The global record on gender equality remains mixed with progress on many fronts, but gaps remaining in others. The 2015 Human Development Report ‘Work for Human Development’, twenty years after the issue was first addressed in 1995 Human Development Report, testifies to this fact.
Progress has been made on many important counts (e.g. on primary education, political participation), as well as inertia and stagnation on others (e.g. employment, health). In the public domain, women are now represented in far greater numbers today than before – whether in elected office, or in the executive or judiciary. They have entered streams of work that were traditionally considered male bastions – breaking many stereotypes and expectations.
When we look at global experience, education and employment emerge as two critical drivers for women’s empowerment in the public and the private domains. Efforts towards those twin objectives –improving educational attainments and workforce participation through a mix of female-friendly policies, quotas, and affirmative interventions – while leading to better performance on several counts, have not fully yielded the desired social transformation towards gender equality.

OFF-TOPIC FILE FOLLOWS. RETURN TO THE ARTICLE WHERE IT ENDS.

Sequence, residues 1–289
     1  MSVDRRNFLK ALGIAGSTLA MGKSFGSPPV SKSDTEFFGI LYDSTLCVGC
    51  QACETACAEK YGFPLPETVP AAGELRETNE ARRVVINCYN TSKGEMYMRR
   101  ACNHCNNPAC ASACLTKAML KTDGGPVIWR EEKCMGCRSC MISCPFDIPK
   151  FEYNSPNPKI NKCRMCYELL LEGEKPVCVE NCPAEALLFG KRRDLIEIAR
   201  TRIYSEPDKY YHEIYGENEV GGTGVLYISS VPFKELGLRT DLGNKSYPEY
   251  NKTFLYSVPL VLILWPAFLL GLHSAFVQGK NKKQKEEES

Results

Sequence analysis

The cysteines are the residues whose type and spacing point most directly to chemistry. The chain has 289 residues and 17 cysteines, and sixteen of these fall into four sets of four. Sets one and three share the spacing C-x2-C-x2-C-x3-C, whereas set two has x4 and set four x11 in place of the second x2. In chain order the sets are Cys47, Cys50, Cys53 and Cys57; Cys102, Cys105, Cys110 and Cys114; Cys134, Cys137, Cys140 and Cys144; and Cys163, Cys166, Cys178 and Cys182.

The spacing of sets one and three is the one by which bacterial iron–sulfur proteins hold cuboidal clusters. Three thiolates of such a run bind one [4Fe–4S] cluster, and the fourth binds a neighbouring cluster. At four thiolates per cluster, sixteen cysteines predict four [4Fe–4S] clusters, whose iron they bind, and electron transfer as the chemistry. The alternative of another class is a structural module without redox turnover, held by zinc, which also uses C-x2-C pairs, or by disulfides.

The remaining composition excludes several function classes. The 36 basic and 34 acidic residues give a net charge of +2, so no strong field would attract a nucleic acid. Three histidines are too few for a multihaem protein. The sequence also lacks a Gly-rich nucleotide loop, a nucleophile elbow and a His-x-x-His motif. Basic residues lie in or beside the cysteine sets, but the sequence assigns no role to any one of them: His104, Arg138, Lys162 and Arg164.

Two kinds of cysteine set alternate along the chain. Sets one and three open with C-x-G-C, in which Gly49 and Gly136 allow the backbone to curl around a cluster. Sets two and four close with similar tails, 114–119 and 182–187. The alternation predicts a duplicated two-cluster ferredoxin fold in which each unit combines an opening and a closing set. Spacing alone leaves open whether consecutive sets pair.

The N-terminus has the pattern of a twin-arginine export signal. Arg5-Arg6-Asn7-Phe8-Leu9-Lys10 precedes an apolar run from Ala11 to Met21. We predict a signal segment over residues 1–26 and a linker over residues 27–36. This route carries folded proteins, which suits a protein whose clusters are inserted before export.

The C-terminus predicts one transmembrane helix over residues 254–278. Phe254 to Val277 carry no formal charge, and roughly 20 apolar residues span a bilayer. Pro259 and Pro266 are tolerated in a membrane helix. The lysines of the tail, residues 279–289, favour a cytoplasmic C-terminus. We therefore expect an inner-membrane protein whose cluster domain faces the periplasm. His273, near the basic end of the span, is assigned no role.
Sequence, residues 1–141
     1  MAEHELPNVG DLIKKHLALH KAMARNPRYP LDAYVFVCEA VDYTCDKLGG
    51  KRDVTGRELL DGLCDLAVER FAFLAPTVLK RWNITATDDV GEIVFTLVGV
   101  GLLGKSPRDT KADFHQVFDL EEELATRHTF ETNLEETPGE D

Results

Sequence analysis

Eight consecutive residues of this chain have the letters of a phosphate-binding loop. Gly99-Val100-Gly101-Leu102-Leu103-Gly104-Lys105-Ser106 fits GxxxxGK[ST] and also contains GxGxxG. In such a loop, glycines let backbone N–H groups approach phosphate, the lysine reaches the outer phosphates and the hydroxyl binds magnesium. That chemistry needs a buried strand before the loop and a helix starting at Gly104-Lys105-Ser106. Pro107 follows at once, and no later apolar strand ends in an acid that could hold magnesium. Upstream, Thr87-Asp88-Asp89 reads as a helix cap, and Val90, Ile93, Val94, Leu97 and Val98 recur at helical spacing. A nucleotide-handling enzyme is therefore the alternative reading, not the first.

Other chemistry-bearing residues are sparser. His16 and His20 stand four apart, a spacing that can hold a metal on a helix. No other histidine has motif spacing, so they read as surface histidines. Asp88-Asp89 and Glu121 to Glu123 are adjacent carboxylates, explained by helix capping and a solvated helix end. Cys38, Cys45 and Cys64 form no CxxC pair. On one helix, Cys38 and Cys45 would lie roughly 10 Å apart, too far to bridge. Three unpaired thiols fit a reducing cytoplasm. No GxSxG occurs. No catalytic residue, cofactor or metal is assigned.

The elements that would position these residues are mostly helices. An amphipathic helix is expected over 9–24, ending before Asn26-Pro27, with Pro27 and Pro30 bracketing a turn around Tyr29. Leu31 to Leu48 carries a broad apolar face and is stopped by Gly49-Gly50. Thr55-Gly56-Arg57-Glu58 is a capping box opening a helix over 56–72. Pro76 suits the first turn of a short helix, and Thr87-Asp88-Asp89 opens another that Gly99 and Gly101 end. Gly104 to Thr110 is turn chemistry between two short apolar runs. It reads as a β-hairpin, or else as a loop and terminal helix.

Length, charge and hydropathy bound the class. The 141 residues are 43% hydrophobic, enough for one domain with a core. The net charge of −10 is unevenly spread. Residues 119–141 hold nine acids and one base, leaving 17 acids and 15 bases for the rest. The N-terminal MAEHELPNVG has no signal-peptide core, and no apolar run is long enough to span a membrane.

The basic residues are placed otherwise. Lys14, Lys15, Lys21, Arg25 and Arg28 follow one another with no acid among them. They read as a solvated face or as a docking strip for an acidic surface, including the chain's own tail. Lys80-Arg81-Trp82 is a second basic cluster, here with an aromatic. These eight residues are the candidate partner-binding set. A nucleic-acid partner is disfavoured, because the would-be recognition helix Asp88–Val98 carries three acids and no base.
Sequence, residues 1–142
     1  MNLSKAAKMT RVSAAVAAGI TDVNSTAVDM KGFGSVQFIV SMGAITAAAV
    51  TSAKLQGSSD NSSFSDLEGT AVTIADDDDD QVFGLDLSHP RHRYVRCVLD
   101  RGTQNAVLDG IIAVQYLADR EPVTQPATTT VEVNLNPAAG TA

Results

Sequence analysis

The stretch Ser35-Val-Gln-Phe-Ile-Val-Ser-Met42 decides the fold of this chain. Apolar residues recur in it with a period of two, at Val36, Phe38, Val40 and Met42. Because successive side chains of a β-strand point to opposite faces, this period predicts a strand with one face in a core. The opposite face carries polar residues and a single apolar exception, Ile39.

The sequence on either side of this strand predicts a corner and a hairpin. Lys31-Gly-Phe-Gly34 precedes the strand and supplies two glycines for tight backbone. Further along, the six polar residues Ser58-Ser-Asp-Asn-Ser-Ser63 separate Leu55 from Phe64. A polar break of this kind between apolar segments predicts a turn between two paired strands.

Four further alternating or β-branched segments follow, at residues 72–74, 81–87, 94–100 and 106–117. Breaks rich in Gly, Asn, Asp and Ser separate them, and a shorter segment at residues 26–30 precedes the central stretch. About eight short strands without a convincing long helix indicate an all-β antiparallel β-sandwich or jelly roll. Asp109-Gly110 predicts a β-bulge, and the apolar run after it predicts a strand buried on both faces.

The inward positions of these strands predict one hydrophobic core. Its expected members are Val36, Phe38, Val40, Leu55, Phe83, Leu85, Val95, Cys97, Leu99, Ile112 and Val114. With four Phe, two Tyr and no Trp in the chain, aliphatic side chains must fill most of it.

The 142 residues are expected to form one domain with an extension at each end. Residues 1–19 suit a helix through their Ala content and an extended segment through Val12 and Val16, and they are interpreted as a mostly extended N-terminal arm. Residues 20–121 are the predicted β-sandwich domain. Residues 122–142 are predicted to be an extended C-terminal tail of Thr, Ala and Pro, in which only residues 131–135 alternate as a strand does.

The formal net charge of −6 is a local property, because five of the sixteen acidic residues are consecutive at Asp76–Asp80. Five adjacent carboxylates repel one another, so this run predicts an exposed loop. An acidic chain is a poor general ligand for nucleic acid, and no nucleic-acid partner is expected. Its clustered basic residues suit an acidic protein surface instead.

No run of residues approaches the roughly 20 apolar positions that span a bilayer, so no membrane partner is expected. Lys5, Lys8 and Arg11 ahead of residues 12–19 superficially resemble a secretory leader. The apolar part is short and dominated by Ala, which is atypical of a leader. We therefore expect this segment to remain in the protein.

Yet, these changes have not shifted some persistent gender inequalities and gaps. Even though women carry out the major share of global work, they face disadvantages, both in paid and unpaid work. In the waged work place: their workforce participation levels have stagnated at 50 percent compared to male employment at 77 percent. Women’s engagement in the labour force is one such domain with very limited transformation. Women are overrepresented in segregated sectors (like agriculture), in roles and tasks that build on gender stereotypes (e.g. paid domestic work and care work) and in the more informal forms of employment. Analyses of total hours worked in time-use surveys shows that women contribute 52 percent of global work to men’s 48 percent (1).
Women also earn 24 percent less than men globally. The professional ‘glass ceiling’ means that women still hold only 22 percent of senior leadership jobs in businesses, and 25 percent and less of senior political and judicial positions. Women encounter greater barriers when accessing finance as entrepreneurs; legal restrictions and discriminatory practices regarding property rights and assets; and have unequal access to and use of technology. A pregnancy, on average, costs a female employee two years in terms of career progress, and breaks in earnings impact their financial future through lost pension contributions.
The burden of care also remains unequally shared between men and women through largely conventional caregiving roles:
- Women shoulder 75 percent of the unpaid workload in households
- Currently, the care burden for the world’s approximately 2 billion children, over 120 million elderly aged 80+ years, almost 1 billion people with disabilities and about 37 million people living with HIV-AIDS – falls disproportionately on female caregivers. Care needs are likely to grow as populations age.